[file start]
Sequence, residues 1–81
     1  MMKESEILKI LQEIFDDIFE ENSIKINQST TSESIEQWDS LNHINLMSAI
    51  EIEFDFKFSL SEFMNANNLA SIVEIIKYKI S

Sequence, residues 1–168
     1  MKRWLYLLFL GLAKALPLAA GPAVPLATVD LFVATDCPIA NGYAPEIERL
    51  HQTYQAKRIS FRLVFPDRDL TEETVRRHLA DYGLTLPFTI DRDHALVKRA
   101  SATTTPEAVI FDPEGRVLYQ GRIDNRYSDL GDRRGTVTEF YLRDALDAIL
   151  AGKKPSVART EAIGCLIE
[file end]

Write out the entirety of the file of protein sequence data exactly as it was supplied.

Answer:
Sequence, residues 1–81
     1  MMKESEILKI LQEIFDDIFE ENSIKINQST TSESIEQWDS LNHINLMSAI
    51  EIEFDFKFSL SEFMNANNLA SIVEIIKYKI S

Sequence, residues 1–168
     1  MKRWLYLLFL GLAKALPLAA GPAVPLATVD LFVATDCPIA NGYAPEIERL
    51  HQTYQAKRIS FRLVFPDRDL TEETVRRHLA DYGLTLPFTI DRDHALVKRA
   101  SATTTPEAVI FDPEGRVLYQ GRIDNRYSDL GDRRGTVTEF YLRDALDAIL
   151  AGKKPSVART EAIGCLIE